Patient ID

Sex

Age at sample collection

RA duration

1 2 3 4 5

M F F F F

76 49 71 63 72

15 17 10 10 23

6 5 0 0 2

3 0 1 0 5

pos pos pos pos pos

no yes yes yes yes

no no no no (1 s) no

yes 15cm yes yes 16cm yes 13cm no 11cm

6 7 8 9 10

F F M F F

71 68 71 65 64

24 54 21 0 10

0 22 21 0 0

0 1 0 1 5

pos neg* pos pos pos

no yes yes no yes

yes (1s, 1t) yes (1s, 1t) no yes (>5s, >2t) Yes >3s

no 10cm yes 17cm yes 13cm yes 17cm yes

pos unknown pos pos 92% pos, 8% neg

yes no yes yes 71% yes, 29% no

no no no yes 36% yes, 64% no

no no yes 14cm no 64% yes, 36% no

11 12 13 14 Summary

Felty Infections Serostatus Erosions Active arthritis Splenomegaly dg at sample collection

F 57 24 0 1 M 40 3 0 0 F 70 42 7 10 F 38 5 0 0 79% F, 66.5 16.0 0 1 21% M (55.0-71.0) (8.8-24.0) (0.0-6.3) (0.0-3.5)

Other extra-articular symptoms rheumatoid nodules no weight loss rheumatoid nodules weight loss, rheumatoid nodules no leg ulcer no fever, chills, cough weight loss, maculopapular rash fever persistent rash leg ulcer, weight loss no

Clinical characteristics of the patient cohort. Summaries of the parameters are shown on the bottom row. Age, RA duration, Felty diagnosis (dg), and infections are summarized as medians with interquartile ranges in parenthesis. The patients’ ages are shown as ages at the time of the first sample collection. RA duration is shown as years of RA prior to collecting the first sample for the study. Felty dg is shown as years, starting from FS diagnosis to the collection of the first sample. The number of infections requiring hospitalization is shown. Serostatus was defined as either elevated rheumatoid factor and/or anti-citrullinated protein antibodies (ACPAs). Erosions were defined via hand and feet x-rays. The number of swollen (s) and tender (t) joints at sample collection is shown in parenthesis. Spleen size was measured with ultrasonography. *Rheumatoid factor normal, however, ACPAs were not determined. ID: identity; ND, not determined; RA: rheumatoid arthritis.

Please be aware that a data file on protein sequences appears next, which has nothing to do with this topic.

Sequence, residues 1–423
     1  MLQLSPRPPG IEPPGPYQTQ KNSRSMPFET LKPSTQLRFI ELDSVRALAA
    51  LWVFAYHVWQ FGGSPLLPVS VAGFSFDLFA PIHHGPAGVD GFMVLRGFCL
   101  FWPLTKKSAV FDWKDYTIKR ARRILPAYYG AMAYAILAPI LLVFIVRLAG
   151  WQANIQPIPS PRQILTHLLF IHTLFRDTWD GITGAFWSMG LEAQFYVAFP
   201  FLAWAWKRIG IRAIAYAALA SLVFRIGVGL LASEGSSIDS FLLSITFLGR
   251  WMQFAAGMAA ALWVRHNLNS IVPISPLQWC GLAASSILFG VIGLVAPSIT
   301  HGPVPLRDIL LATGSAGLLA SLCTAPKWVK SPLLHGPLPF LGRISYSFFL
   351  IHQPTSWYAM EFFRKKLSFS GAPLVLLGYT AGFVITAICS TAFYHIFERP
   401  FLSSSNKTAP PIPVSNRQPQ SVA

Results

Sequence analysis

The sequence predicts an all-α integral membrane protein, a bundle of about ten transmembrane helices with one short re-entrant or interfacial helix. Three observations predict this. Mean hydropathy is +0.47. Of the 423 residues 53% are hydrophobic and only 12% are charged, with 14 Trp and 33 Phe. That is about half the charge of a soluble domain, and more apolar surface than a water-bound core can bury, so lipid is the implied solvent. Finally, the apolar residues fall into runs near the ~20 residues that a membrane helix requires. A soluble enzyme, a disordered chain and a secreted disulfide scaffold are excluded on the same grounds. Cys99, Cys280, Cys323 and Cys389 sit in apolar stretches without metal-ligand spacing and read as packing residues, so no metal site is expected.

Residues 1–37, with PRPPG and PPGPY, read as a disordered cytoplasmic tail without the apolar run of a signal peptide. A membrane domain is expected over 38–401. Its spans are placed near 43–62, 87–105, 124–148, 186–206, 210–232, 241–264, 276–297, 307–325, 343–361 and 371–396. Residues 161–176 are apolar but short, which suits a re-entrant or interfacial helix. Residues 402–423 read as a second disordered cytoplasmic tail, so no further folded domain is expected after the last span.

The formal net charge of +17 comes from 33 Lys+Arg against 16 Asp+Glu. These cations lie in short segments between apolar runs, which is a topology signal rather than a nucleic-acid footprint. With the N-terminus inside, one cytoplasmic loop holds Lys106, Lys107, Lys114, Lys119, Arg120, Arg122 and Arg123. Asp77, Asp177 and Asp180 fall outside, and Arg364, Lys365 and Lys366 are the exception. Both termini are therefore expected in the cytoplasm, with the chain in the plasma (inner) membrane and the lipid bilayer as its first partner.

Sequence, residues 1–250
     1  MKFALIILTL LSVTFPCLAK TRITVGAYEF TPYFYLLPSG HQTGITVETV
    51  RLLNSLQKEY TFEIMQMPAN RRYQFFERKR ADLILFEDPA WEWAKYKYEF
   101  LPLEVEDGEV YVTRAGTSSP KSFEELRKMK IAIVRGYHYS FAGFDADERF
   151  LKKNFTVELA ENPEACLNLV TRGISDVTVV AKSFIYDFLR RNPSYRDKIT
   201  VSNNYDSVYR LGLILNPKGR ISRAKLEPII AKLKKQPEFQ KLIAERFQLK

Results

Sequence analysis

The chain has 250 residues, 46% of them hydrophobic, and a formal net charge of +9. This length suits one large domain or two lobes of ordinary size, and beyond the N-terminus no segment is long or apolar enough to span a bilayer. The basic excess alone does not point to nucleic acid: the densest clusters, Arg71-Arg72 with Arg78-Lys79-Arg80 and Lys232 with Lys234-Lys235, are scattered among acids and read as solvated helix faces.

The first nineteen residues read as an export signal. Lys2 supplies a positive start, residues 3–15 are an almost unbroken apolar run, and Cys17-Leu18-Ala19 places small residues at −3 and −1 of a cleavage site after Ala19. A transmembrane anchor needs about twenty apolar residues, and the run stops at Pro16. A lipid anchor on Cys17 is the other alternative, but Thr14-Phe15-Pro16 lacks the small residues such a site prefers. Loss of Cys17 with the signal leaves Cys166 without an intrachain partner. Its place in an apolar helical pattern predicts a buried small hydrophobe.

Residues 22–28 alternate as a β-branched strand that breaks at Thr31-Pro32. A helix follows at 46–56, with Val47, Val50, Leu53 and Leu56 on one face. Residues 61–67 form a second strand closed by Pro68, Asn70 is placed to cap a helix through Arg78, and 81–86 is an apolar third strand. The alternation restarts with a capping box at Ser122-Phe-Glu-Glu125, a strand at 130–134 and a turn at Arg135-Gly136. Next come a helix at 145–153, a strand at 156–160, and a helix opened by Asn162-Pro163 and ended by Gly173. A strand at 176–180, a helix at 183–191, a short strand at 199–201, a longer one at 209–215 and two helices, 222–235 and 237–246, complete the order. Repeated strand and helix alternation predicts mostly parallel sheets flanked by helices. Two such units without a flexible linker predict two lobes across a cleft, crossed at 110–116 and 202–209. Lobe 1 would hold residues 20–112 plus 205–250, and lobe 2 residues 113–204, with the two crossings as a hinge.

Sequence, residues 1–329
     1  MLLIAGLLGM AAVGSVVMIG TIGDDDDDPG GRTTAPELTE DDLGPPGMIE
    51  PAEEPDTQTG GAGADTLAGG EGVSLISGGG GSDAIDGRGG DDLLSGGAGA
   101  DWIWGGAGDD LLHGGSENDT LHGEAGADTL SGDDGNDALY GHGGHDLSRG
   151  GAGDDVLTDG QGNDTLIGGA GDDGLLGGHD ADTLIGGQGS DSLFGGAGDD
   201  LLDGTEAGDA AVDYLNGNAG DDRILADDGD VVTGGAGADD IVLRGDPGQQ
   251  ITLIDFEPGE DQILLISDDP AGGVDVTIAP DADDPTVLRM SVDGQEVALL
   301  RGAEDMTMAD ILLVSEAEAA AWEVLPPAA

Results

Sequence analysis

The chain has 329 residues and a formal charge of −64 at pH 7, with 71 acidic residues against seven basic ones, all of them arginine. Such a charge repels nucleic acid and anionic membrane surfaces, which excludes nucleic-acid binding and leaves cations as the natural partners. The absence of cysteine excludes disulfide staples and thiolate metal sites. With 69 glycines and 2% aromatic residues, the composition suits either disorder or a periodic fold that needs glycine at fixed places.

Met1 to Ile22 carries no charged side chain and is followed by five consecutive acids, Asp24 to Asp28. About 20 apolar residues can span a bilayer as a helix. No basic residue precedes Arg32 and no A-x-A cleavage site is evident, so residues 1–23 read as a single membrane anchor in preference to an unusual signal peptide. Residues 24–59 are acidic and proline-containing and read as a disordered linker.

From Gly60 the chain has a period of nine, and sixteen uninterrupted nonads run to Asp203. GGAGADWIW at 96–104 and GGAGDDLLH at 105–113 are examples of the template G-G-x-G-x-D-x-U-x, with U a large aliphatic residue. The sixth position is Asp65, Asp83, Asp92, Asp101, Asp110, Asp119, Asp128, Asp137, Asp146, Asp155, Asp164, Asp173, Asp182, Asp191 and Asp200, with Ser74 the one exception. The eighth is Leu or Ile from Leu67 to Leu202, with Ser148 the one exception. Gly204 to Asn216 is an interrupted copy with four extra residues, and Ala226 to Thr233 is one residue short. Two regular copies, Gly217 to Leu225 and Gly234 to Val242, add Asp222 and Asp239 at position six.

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T-LGL leukemia.4 In FS patients, flow cytometry screening revealed skewed CD8+ TCR Vβ usage (Table 2 and Online Supplementary Figure S2). In 40% (4/10) of the examined cases, CD8+ expansions comprised over 20% of all CD8+ T cells. Most of our patients’ clinical features were well in accordance with the FS criteria (Table 1 and Table 2). Only three patients did not show the classical phenotype. No neutropenia was recorded in the clinical registry of patient 8. Patient 9 had cytopenias during tuberculosis therapy (although neutropenia continued years after the completion of the therapy). In addition, patient 3 showed lymphocytosis, but her bone marrow and peripheral blood TCRγ rearrangement tests were negative, and flow cytometry did not show any excess of natural killer (NK) cells.

Somatic STAT3 mutations were identified in 43% of patients For many patients, several sample types and samples from multiple time-points were available for sequencing (Online Supplementary Table S1). STAT3 mutations occurred in 43% (6/14) of FS patients (Figure 1A,B). One patient had two different STAT3 mutations (N647I and Y640F). In all assessable cases, STAT3 mutations occurred in CD8+ cells but not in CD4+ cells. In 4/6 STAT3-mutated cases, the mutations were detected in multiple sample types, whereas in 2/6 patients the mutation was detected only in one sample (Figure 1B and Online Supplementary Table S1). Five STAT3-mutated patients had follow-up samples available,